This isn’t terribly surprising. The base of any good cigar is high-quality tobacco, and the Dominican Republic treats the planting of tobacco as a matter of tradition and culture rather than an economic activity. Likewise, Dominican soil and weather is absolutely perfect for getting good tobacco, giving them an edge that they probably didn’t need.
You can get high end cigars for cheap in Dominican cities, and while you can find them cheaper in street-shops, some of these could be overpriced counterfeits. But, if you really want to get the most out of your trip, you should visit a cigar factory. Outside of being an interesting excursion, you can use a trip to a cigar factory to get yourself some nice, hand-rolled-right-in-front-of-you cigars. The best places for this are Santiago de los Caballeros and La Romana, both of which are flooded with good cigar factories.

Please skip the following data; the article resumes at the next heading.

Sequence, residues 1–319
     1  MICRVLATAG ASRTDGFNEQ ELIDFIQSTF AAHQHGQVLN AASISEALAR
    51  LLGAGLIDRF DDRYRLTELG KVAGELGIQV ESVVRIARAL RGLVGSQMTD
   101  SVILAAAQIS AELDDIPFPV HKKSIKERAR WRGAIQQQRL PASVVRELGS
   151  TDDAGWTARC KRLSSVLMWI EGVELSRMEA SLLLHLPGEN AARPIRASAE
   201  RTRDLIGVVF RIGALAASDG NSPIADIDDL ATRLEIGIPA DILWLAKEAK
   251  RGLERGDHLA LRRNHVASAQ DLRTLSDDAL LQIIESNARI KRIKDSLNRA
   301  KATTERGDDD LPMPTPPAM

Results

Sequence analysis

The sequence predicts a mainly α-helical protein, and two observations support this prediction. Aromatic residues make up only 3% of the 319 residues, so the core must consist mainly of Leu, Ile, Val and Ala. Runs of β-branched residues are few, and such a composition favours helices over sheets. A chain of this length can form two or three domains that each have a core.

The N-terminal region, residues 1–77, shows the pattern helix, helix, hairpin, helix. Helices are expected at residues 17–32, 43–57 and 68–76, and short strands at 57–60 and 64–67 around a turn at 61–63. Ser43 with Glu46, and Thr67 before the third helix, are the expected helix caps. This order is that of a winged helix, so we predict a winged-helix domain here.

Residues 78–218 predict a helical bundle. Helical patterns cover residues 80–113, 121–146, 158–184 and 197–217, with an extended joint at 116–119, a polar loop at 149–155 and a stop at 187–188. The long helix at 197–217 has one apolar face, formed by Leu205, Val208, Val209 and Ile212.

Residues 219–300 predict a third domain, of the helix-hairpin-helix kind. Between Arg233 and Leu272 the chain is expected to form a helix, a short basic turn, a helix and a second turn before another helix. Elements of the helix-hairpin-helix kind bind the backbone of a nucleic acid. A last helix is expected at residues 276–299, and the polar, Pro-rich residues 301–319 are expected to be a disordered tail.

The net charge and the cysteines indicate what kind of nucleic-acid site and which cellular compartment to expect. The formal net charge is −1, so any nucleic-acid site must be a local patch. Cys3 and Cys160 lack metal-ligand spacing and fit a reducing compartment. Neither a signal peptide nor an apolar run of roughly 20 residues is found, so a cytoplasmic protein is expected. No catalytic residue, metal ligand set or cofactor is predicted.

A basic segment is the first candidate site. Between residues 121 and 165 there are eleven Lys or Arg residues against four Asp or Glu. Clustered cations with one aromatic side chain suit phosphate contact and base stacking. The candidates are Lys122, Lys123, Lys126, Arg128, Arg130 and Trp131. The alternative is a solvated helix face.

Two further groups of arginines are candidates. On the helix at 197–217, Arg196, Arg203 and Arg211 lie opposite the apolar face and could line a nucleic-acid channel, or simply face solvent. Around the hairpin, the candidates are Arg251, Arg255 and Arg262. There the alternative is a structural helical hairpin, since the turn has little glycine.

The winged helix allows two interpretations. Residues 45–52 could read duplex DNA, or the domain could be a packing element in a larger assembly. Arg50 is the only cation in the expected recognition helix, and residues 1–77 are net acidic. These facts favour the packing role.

Only found in the Dominican Republic, Larimar is a marbled semi-precious stone found in colors ranging from white and light blue to deep blue. It’s often called “Stefilia’s Stone,” and there’s evidence that its existence has been known since 1916. However, it wasn’t until 1974 that commercial mining began, when it was rediscovered by Miguel Mendez, who named it Larimar as a portmanteau of his daughter’s name (Larissa) and the Spanish word for sea (mar).